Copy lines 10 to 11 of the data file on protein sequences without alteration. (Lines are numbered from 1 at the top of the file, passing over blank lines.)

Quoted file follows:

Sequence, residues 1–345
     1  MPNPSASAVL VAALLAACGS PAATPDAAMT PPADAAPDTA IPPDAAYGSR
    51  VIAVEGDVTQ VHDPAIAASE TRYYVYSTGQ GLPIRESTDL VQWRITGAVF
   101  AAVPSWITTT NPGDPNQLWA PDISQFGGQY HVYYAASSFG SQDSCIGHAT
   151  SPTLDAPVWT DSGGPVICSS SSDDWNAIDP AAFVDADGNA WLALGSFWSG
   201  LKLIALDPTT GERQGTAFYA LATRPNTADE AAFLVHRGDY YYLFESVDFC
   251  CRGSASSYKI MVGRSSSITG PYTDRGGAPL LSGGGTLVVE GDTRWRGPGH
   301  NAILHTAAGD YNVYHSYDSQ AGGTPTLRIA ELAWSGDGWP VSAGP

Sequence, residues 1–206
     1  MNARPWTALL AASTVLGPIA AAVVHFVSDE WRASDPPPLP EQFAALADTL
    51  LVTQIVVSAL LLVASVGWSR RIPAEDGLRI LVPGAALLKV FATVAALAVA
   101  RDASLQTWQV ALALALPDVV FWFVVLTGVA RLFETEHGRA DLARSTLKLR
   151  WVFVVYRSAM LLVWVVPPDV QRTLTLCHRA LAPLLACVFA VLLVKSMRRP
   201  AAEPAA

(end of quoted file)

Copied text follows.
     1  MNARPWTALL AASTVLGPIA AAVVHFVSDE WRASDPPPLP EQFAALADTL
    51  LVTQIVVSAL LLVASVGWSR RIPAEDGLRI LVPGAALLKV FATVAALAVA